• Financial hardship & your credit report: Legislative changes from 1 July 2022 to financial hardship arrangements that impact your credit report. Find out more.


If you are primarily responsible for looking after the home and raising your children, it’s important to consider your insurance needs.

Why protect the primary care-giver?

Many people understand the importance of protecting the primary income earner in the family, by ensuring debts and ongoing living expenses are covered by adequate insurance in the event of death, illness or injury.

However, it’s just as important to protect you – the primary care-giver in the household. If something was to happen to you, would your partner be able to take time off work to run the household and look after the children?

Would they be able to afford to pay for help around the house and childcare? What about paying for medical, rehabilitation or home modification expenses?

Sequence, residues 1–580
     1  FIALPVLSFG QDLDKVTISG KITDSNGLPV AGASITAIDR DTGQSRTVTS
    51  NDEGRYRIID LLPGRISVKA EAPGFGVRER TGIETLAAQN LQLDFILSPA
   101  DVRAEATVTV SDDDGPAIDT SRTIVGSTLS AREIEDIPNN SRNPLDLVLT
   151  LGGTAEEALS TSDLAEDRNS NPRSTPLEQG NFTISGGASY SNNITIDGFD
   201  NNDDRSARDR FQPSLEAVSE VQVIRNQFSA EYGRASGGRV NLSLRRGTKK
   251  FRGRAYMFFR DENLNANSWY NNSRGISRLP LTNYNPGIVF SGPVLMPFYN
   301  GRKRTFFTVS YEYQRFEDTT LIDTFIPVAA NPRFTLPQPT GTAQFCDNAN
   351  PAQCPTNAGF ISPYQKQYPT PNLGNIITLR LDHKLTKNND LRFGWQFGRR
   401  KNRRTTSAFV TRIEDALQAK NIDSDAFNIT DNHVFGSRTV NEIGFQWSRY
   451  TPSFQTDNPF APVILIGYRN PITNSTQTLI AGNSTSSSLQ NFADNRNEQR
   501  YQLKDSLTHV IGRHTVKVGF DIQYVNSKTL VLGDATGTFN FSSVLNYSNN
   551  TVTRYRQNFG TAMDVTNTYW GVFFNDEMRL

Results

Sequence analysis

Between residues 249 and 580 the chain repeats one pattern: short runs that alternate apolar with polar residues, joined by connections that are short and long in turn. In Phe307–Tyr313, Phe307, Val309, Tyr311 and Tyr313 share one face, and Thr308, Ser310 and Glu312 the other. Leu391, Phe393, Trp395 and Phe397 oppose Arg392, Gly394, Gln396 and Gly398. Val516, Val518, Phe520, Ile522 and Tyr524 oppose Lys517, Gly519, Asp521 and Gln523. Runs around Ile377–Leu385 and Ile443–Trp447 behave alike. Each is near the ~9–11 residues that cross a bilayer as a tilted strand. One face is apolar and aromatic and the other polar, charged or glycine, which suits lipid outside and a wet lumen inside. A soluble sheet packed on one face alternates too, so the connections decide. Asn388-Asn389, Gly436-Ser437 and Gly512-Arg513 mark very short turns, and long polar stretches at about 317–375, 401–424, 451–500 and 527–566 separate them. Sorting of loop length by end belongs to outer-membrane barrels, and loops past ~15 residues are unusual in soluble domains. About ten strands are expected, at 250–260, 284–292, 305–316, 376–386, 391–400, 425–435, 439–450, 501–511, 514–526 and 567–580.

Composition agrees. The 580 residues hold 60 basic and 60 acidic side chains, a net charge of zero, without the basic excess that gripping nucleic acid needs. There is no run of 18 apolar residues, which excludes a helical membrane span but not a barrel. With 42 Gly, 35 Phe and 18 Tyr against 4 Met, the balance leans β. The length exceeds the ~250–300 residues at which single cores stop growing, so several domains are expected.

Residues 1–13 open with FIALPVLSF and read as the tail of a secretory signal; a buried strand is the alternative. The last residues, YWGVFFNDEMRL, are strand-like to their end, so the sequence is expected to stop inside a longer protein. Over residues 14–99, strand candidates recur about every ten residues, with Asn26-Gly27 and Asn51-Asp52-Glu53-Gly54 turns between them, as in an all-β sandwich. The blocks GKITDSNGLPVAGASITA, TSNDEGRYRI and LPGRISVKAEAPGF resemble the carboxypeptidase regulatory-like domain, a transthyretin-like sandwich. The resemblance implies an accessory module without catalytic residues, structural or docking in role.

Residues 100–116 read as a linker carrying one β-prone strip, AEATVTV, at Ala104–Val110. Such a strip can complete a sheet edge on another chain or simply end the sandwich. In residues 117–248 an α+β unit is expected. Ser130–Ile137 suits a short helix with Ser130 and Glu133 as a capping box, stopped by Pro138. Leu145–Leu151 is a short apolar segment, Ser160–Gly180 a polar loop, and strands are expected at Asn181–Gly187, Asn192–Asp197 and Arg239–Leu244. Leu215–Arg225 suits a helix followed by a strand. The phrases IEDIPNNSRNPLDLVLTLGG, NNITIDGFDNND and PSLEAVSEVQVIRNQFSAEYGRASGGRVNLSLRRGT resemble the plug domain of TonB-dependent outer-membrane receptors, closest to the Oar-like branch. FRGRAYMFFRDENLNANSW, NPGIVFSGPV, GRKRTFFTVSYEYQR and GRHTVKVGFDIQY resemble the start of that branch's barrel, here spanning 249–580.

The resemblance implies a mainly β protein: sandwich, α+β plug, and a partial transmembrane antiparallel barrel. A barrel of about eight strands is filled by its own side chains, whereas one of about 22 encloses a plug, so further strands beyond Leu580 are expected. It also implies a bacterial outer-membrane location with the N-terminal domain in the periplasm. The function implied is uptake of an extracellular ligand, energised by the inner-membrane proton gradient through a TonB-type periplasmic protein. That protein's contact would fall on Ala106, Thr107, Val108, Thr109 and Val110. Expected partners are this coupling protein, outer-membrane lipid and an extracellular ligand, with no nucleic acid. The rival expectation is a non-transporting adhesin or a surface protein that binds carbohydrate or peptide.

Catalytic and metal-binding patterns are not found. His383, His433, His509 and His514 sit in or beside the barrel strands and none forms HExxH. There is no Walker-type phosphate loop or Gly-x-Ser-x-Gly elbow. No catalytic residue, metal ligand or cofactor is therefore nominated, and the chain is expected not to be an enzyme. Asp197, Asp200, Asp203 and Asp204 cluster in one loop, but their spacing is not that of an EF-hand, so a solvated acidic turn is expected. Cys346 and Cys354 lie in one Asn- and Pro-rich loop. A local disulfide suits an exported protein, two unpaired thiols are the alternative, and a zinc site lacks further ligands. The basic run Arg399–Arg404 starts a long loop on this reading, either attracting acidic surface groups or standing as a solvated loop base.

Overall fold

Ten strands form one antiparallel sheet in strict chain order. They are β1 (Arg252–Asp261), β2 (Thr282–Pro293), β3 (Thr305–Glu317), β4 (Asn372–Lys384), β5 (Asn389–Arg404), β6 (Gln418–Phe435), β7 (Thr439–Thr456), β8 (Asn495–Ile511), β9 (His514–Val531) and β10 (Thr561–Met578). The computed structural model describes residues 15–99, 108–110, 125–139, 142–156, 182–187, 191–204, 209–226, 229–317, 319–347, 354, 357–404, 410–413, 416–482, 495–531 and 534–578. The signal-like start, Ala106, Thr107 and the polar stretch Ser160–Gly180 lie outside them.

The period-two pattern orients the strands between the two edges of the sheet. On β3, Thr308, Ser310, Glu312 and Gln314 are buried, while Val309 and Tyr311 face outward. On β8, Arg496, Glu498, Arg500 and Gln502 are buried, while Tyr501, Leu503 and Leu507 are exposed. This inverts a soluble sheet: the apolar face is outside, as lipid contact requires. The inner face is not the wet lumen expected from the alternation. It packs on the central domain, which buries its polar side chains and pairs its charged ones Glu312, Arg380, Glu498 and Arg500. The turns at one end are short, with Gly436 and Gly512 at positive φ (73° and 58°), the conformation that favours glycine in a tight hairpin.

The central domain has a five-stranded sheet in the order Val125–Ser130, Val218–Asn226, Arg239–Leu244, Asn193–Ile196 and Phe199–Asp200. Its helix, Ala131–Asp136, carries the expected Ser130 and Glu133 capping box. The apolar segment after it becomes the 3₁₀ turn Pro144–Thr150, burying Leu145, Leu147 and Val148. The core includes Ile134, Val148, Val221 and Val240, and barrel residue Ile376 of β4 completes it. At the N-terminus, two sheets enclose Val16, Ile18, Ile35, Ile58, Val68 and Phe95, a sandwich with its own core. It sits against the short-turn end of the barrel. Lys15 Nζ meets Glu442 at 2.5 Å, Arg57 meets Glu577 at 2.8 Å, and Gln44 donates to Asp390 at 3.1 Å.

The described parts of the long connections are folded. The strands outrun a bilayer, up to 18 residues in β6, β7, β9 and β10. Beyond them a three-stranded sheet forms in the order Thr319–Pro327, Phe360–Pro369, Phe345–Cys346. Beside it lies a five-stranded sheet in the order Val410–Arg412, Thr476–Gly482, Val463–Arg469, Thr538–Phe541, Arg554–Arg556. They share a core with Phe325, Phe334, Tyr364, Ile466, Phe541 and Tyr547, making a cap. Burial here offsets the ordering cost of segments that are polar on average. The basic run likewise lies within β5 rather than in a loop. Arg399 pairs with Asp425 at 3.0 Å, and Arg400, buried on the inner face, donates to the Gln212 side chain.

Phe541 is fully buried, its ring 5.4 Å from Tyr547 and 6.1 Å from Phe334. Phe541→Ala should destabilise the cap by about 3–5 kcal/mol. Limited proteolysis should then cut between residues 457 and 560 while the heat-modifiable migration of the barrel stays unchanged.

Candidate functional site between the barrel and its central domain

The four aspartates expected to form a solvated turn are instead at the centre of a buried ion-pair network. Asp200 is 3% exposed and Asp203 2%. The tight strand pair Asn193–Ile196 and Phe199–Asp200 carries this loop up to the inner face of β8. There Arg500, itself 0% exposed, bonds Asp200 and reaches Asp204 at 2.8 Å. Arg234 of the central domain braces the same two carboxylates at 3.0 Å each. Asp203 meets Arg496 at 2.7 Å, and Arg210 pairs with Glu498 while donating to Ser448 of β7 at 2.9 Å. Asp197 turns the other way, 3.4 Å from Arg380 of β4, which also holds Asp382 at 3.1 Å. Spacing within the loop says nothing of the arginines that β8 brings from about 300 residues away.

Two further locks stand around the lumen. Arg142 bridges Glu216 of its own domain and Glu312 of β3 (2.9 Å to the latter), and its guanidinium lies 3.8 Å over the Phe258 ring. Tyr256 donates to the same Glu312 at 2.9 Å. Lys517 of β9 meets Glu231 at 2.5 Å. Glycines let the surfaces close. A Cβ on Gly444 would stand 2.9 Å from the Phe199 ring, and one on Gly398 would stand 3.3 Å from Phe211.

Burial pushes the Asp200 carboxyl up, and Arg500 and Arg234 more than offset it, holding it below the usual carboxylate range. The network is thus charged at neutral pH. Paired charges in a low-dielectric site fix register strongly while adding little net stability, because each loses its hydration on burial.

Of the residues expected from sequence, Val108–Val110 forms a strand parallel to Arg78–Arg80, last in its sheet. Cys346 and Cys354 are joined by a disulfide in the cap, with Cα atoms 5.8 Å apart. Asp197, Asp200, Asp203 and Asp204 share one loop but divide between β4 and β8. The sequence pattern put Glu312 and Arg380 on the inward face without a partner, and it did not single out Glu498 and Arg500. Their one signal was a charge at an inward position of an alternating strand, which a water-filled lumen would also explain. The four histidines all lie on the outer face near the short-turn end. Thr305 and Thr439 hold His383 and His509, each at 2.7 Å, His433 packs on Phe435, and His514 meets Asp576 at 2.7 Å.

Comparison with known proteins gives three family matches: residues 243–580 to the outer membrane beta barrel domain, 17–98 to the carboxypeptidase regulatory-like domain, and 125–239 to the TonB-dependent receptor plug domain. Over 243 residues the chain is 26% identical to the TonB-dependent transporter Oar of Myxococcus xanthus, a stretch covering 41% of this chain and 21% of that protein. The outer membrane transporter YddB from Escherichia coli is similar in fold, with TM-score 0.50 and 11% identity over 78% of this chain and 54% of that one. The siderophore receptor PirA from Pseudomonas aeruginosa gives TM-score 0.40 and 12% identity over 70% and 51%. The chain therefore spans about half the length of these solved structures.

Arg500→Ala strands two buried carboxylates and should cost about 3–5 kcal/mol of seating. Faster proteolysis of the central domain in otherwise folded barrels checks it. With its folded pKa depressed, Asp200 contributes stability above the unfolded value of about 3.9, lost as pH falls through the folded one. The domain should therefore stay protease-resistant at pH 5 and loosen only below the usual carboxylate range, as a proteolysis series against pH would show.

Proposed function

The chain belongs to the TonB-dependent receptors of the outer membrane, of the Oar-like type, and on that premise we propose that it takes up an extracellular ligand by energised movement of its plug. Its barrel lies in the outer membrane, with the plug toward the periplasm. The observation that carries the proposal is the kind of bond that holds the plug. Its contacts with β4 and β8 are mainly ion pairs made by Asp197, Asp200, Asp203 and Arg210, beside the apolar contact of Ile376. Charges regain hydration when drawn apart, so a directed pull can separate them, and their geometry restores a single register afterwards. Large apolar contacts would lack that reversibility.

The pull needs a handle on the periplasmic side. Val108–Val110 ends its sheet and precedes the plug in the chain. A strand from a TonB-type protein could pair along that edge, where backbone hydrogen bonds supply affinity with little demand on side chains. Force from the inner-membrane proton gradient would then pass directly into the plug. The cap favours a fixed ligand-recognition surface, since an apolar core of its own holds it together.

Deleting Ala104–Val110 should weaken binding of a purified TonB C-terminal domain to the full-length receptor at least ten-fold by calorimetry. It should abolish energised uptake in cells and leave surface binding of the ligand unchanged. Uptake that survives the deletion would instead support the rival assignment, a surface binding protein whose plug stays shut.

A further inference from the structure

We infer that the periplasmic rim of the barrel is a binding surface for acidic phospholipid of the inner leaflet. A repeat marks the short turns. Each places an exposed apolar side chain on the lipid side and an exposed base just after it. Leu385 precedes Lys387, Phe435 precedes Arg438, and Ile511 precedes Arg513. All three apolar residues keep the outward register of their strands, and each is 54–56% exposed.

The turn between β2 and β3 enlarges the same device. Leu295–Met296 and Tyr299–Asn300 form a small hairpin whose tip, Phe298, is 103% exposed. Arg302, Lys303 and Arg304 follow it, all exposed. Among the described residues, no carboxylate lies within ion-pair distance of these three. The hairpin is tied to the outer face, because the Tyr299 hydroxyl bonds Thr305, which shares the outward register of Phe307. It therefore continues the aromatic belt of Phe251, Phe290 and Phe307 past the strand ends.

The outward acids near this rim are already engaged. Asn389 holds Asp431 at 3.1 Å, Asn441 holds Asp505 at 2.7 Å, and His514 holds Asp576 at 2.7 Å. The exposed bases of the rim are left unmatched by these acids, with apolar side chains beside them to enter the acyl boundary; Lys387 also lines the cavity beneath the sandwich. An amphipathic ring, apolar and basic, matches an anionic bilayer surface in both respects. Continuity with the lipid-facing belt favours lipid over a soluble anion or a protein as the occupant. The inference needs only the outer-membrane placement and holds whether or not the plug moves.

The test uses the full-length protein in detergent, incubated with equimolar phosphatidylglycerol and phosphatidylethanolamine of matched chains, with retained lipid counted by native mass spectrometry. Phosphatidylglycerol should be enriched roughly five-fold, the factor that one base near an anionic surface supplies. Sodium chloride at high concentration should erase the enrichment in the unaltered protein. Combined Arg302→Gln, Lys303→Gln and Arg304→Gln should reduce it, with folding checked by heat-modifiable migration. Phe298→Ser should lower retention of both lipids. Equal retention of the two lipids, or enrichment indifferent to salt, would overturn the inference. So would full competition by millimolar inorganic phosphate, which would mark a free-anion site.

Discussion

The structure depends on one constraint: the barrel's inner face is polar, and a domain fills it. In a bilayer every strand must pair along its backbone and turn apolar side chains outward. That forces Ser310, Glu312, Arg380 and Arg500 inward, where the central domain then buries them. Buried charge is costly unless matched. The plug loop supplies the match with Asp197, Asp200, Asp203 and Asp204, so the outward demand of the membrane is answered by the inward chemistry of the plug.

By taking out suitable insurances, enough money can be made available to help cover these and other expenses and to help ensure the household’s cash flow and savings are not adversely affected.

The table below summarises the types of insurances available to primary care-givers and potential uses for the cover.

Our Senior Financial Planners can help you determine which types of insurance you may need and how much cover you require.

Insurance type Description Potential uses
Living expenses insurance Provides a monthly benefit if you become ‘substantially disabled’ • Cover living expenses

• Pay for childcare and housekeeping

• Service debts
Critical illness insurance Provides a lump sum if diagnosed with a range of specified critical or traumatic illnesses • Pay medical and rehabilitation costs

• Service or pay-off debts
Total and permanent disability Insurance (TPD) Provides a lump sum if you are totally and permanently disabled. Is often provided with life insurance • Cover living expenses

• Pay for childcare and housekeeping
Life and Terminal Illness insurance Provides a lump sum on death or diagnosis of a terminal illness • Cover living expenses

• Pay for childcare and housekeeping